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London, England - Arrival - 7th May 2001

Posted by Edmond on Friday, January 11, 2002

Tours of the High Street, Hyde Park and Kensington Gardens on arrival into London from Sydney, Australia. Perspective of London people, the hectic lifestyle and the costs are some of the challenges faced for any tourist or foreigner arriving in to London. Comparison between lifestyles of Sydney and London

High St and Hyde park tour.
1. Tube from Gloucester Road to High Street Kensington on Circle Line
2. High Street Kensington and Kensington Palace and Gardens
3. Walk past the Round Pond to Hyde Park. Look out for squirrels
4. Take a row or paddle-boat on the Serpentine

Piccadilly and Oxford street tour.
1. Piccadilly line tube to Piccadilly Circus.
2. Walk past HMV store to get to Leciester Square
3. Go back to Piccadilly Circus, walk to Oxford St to Oxford circus

After what seemed like a never-ending plane journey, I arrived into London Heathrow airport from Sydeny on Friday evening on the 5th of May. I finally got my first taste of London via the Piccadilly Line Tube but since it was a weekend the carriage was pretty empty. Anb hour later I settled into a very small holiday apartment with my sister in Gloucester Road, near High Street Kensington.

My sister had arrived a couple of months before me, but had planned the trip for more than a year, trying to weigh up the pros and cons. Still, I know she would not have done it had she not known of a few close friends who had already settled in London. Unlike myself, I only planned the trip in the last two to three months. To this day, I still can't point the finger on why I did it. Was it the challenge of launching myself straight out of the "comfort zone" into unfamiliar territory in terms of travel, lifestyle and perhaps career? Or was it just so I can get close to those U2 concerts? Anyway travel and seeing my favourite band at one concert or two were big attractions. London has many connections to Europe by road, rail and air. On the other hand, I already know that my lifestyle and career has hit rock-bottom. Only time will provide the full reason.

Gloucester Road is located in the upper class areas of Central London, just a few minutes walk from Kensington Palace (the past residence of Princess Diana) and another 5 minutes walk to High St Kensington. The area of Kensington and Chelsea is a nice area, with a smattering of museums such as the National History and Science museum - but it is an area for the rich and the privileged. Everyone here drives a luxury car of some sort, dresses up in brand-name clothing and the best that the rich life in London has to offer - very materialistic area if you ask me.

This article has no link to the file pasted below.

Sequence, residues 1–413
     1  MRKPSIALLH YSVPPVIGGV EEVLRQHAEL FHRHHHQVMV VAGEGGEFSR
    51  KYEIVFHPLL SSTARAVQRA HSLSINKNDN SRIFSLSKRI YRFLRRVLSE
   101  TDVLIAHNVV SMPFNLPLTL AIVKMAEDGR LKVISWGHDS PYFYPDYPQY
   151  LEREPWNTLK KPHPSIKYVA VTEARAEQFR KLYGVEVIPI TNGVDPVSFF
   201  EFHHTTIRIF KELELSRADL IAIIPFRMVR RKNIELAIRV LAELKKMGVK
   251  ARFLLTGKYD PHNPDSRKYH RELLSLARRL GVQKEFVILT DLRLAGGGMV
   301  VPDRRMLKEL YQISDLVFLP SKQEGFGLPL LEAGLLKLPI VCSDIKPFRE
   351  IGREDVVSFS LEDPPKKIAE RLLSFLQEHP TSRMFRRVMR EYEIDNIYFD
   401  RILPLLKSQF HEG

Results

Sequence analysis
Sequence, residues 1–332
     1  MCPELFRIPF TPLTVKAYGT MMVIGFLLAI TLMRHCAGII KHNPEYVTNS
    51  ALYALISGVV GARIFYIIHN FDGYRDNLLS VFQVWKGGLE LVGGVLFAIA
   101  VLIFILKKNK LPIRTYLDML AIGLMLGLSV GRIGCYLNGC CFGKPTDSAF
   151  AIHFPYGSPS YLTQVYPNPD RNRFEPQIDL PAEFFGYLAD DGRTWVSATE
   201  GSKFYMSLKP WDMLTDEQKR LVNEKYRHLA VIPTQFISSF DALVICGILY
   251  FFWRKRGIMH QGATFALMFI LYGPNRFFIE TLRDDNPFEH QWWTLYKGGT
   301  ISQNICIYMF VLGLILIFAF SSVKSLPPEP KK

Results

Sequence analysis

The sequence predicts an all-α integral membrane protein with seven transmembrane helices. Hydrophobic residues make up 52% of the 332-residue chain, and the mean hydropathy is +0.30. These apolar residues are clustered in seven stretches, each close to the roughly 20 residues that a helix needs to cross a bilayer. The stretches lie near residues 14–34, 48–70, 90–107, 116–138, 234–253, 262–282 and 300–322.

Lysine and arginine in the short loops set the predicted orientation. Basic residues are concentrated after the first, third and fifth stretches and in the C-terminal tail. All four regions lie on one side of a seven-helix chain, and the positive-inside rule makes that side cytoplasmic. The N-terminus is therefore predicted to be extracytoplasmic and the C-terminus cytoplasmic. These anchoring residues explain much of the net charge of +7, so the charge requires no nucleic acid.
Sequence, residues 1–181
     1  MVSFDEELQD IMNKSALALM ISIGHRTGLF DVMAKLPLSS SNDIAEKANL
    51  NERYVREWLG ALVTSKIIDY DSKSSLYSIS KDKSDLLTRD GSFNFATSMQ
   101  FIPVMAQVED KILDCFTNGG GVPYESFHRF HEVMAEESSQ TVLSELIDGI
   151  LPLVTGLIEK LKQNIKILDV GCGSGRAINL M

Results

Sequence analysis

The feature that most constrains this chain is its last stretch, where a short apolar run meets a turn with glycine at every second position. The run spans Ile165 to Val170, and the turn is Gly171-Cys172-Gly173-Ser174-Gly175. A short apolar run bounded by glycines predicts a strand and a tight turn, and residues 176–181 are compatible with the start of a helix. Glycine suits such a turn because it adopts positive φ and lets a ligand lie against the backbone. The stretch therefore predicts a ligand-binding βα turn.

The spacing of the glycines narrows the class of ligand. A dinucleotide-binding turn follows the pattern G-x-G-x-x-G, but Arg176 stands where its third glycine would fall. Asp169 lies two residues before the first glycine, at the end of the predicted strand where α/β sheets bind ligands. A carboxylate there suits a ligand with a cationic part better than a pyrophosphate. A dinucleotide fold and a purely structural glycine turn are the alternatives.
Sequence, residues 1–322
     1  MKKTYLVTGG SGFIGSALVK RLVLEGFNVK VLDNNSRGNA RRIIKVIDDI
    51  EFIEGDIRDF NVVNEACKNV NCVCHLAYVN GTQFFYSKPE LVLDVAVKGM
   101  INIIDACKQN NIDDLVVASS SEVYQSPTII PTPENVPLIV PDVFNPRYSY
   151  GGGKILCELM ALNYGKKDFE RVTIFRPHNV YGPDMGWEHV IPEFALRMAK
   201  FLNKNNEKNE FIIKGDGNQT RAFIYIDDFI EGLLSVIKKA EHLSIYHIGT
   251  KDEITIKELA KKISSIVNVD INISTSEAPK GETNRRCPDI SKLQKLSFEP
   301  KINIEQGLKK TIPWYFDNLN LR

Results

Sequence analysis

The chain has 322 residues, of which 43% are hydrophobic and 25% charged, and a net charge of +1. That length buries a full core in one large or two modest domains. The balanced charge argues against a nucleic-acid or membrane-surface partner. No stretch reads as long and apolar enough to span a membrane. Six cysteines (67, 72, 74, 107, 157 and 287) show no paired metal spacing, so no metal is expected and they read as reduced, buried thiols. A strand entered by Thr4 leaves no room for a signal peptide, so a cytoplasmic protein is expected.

What really took my attention is the huge amount of people walking around the streets of London. Unlike Sydney, the streets of London are crowded with people, especially Leceister Square, Oxford Street and Piccadilly Circus. These are also the main centres for shopping and, more significantly, theatre and cinemas. And with the crowds, one can't help witness the different types of people that inhabit this city.

Another aspect of London that it is famous for is the cost of living. In the first day, I already spent 27 pounds on a 7 day weekly travel card (which entitles you to travel on the London Underground, National rail up to the specified zones, and buses), and 13 pounds on a movie in Leceister Square. In addition, a Mcdonalds meal costs about 3 pounds and a nice cup of coffee will set you back about one pound. Finally, our holiday flat worked out to be about 300 pounds a week. Fortunately, there is a benefit to this, you are forced to practice the art of cost control.

Despite my reservations for the London lifestyle, I could not resist taking photos of London life. Being unemployed with no job commitments, I eagerly scoured the area of Kensington, visiting Kensington Palace and the gardens, Hyde Park and Piccadilly Circus, and taking photos of anything that looked interesting. While walking through the parks and the main city centres, I could not help noticing the site of squirrels playfully around Kensington Gardens and Hyde park, the crampness and the hustling of footsteps at the tube stations and the statues, monuments and the roman-esque appearance of the palaces and buildings.

London really is a place bustling with activity, yet is also one of the most interesting cities in the world. The city is surrounded in history and there are many interesting people walking among the crowded streets. However, it is also a real challenge to live in London, with the high cost of living and hectic lifestyle. Although I still felt uncertain about the sudden move, I should know later on if the proximity to Europe (and seeing U2!) will provide the benefits I hoped for.


Edmond, 2002